Collected Works of Abraham Lincoln. Volume 1.
Lincoln, Abraham, 1809-1865.


[1]   AD, DLC-RTL. The manuscript is followed throughout. Lincoln's emendations, presumably inserted in printer's proof, in the Congressional Globe Appendix, pp. 93-95, are given in footnotes. In addition to these sources for the speech as written, there is the detailed report of the speech as delivered, printed in the Congressional Globe, Thirtieth Congress, First Session, New Series, No. 10, pp. 154-56, which was copied by the Illinois Journal, February 10, 1848.

[2]   James K. Polk.

[3]   William A. Richardson, Democrat, from Rushville, Illinois, who had been elected to the House to fill the vacancy caused by the resignation of representative-elect Stephen A. Douglas.

[4]   In the text of the Congressional Globe Appendix, Lincoln inserted at this point the following sentence: ``The outrage upon common right, of seizing as our own what we have once sold, merely because it was ours before we sold it, is only equalled by the outrage on common sense of any attempt to justify it.''

[5]   The text of the so-called ``treaty,'' printed following Lincoln's speech in the Congressional Globe Appendix is as follows: Articles of an agreement entered into between his Excellency David G. Burnet, President of the Republic of Texas, of the one part, and his Excellency General Santa Anna, President-General-in-Chief of the Mexican army, of the other part

ARTICLE 1. General Antonio Lopez de Santa Anna agrees that he will not take up arms, nor will he exercise his influence to cause them to be taken up, against the people of Texas, during the present war of independence.

ART. 2. All hostilities between the Mexican and Texan troops will cease immediately, both by land and water.

ART. 3. The Mexican troops will evacuate the territory of Texas, passing to the other side of the Rio Grande Del Norte.

ART. 4. The Mexican army, in its retreat, shall not take the property of any person without his consent and just indemnification, using only such articles as may be necessary for its subsistence, in cases when the owner may not be present, and remitting to the commander of the army of Texas, or to the Commissioners to be appointed for the adjustment of such matters, an account of the value of the property consumed, the place where taken, and the name of the owner, if it can be ascertained.

ART. 5. That all private property, including cattle, horses, negro slaves, or indentured persons, of whatever denomination, that may have been captured by any portion of the Mexican army, or may have taken refuge in the said army, since the commencement of the late invasion, shall be restored to the commander of the Texan army, or to such other persons as may be appointed by the Government of Texas to receive them.

ART. 6. The troops of both armies will refrain from coming into contact with each other; and to this end, the commander of the army of Texas will be careful not to approach within a shorter distance than five leagues.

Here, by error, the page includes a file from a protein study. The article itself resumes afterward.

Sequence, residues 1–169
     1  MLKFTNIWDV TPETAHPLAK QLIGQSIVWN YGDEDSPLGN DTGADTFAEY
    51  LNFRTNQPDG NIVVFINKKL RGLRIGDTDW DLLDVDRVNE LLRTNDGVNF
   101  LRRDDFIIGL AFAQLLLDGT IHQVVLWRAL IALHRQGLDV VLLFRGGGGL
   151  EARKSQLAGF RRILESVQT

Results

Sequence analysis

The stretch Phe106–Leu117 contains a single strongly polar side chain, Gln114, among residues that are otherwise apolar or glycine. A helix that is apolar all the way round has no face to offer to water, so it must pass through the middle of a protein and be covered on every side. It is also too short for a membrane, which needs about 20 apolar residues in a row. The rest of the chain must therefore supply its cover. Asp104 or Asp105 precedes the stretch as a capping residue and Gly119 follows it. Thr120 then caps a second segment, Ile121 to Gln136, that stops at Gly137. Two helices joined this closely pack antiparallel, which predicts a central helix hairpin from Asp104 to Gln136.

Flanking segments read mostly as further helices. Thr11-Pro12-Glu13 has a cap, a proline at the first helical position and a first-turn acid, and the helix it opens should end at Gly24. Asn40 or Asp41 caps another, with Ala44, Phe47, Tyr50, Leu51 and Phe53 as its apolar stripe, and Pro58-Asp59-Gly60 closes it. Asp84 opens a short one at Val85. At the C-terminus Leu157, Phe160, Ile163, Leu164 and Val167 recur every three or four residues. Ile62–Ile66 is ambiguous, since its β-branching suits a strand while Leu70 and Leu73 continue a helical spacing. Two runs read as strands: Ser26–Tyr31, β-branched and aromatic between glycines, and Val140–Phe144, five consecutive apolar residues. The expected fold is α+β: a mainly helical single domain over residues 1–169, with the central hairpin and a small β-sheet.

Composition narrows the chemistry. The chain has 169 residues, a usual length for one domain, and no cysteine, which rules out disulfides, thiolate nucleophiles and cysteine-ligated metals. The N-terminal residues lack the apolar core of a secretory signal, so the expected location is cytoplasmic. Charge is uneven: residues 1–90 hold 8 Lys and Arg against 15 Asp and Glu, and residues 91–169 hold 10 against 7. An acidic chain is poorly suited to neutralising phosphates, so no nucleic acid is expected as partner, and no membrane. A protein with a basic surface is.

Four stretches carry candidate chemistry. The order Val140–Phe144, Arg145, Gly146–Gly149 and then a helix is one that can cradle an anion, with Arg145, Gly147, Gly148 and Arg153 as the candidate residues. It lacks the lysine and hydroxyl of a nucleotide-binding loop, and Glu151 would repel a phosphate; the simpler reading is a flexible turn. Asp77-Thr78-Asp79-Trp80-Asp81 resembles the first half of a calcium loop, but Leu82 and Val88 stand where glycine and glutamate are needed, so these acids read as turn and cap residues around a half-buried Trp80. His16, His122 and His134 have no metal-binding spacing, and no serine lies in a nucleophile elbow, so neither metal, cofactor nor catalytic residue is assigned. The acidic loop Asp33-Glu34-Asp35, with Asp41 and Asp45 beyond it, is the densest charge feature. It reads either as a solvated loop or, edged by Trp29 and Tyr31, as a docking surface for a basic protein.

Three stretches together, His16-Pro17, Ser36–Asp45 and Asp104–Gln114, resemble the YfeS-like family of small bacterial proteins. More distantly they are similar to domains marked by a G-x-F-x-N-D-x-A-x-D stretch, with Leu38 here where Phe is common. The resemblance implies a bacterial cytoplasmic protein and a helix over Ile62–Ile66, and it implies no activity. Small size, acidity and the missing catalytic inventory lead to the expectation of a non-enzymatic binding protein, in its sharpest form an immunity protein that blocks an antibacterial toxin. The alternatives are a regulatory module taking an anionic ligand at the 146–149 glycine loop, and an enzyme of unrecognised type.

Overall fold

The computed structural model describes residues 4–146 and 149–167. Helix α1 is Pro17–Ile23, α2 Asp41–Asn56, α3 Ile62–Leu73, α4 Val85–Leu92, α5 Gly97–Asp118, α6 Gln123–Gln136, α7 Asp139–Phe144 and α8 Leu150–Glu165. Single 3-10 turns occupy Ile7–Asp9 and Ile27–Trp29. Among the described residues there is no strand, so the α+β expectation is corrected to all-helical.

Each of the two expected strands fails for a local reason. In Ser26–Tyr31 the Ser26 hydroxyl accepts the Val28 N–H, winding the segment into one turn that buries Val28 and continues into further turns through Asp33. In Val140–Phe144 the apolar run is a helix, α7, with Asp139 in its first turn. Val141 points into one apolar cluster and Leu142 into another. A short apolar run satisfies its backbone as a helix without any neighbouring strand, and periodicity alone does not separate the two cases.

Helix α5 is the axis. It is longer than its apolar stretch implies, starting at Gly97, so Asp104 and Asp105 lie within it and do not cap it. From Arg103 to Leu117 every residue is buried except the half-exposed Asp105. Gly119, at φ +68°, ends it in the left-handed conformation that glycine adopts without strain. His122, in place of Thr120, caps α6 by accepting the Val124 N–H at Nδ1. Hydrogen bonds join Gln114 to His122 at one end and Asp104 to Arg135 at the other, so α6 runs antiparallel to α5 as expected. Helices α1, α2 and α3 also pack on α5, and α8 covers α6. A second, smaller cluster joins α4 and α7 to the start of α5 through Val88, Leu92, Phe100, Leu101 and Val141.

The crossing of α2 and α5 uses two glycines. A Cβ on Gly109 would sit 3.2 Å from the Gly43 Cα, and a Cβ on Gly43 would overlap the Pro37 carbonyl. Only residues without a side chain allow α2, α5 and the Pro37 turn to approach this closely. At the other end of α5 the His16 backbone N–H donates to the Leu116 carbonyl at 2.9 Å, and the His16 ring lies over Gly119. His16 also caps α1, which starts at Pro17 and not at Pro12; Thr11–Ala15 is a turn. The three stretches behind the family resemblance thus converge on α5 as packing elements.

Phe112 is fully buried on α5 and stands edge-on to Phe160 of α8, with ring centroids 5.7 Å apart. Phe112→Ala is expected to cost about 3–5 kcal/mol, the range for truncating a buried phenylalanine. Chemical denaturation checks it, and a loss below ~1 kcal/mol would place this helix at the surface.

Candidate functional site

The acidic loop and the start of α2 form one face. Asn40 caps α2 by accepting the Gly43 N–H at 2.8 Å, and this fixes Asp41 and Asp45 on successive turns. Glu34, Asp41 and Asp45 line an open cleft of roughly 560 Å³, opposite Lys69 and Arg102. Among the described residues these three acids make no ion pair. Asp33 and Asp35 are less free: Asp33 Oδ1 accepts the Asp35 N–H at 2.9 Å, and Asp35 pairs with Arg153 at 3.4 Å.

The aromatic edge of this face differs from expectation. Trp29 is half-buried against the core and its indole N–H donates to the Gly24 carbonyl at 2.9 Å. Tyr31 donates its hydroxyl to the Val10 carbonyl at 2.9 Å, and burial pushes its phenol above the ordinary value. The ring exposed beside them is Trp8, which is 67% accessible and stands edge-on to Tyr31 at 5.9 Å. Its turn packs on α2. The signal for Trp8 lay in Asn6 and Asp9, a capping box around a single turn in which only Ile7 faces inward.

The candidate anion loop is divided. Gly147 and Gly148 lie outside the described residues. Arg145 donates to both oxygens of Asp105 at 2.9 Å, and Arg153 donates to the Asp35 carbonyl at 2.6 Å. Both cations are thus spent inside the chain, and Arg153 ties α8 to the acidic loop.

ART. 7. The Mexican army shall not make any other delay, on its march, than that which is necessary to take up their hospitals, baggage, &c., and to cross the rivers; any delay not necessary to these purposes to be considered an infraction of this agreement.

ART. 8. By an express to be immediately despatched, this agreement shall be sent to General Vincente Filisola, and to General T. J. Rusk, commander of the Texan army, in order that they may be apprized of its stipulations; and to this end, they will exchange engagements to comply with the same.

ART. 9. That all Texan prisoners now in the possession of the Mexican army, or its authorities, be forthwith released, and furnished with free passports to return to their homes; in consideration of which, a corresponding number of Mexican prisoners, rank and file, now in possession of the Government of Texas, shall be immediately released---the remainder of the Mexican prisoners that continue in the possession of the Government of Texas to be treated with due humanity; any extraordinary comforts that may be furnished them to be at the charge of the Government of Mexico.

ART. 10. General Antonio Lopez de Santa Anna will be sent to Vera Cruz as soon as it shall be deemed proper.

The contracting parties sign this instrument for the above mentioned purposes, in duplicate, at the port of Velasco, this 14th day of May, 1836.

DAVID G. BURNET, President.

JAS. COLLINGSWORTH, Secretary of State.


B. HARDIMAN, Secretary of the Treasury.

P. W. GRAYSON, Attorney-General.

[6]   At this point in the Congressional Globe Appendix, Lincoln emended the next sentence as follows: ``In this strange omission chiefly consists the deception of the President's evidence---an omission which, it does seem to me, could scarcely have occurred but by design.''

[7]   Lincoln emended ``point arising in the case'' to ``position pressed upon him by the prosecution.''

[8]   Supra, under date of December 22, 1847.

[9]   At this point Lincoln emended as follows: ``; that he ordered General Taylor into the midst of a peaceful Mexican settlement, purposely to bring on a war; that originally . . .'' etc.

[10]   Winfield Scott. Both General Scott and General Taylor were Whigs, and administration leaders feared the increase of their popularity. Scott justifiably suspected the administration of withholding complete co-operation. On January 2, Scott was recalled; on January 31 and April 17, Lincoln voted in favor of resolutions requesting the President to explain the suspension. On April 22, Scott was superseded by General W. O. Butler.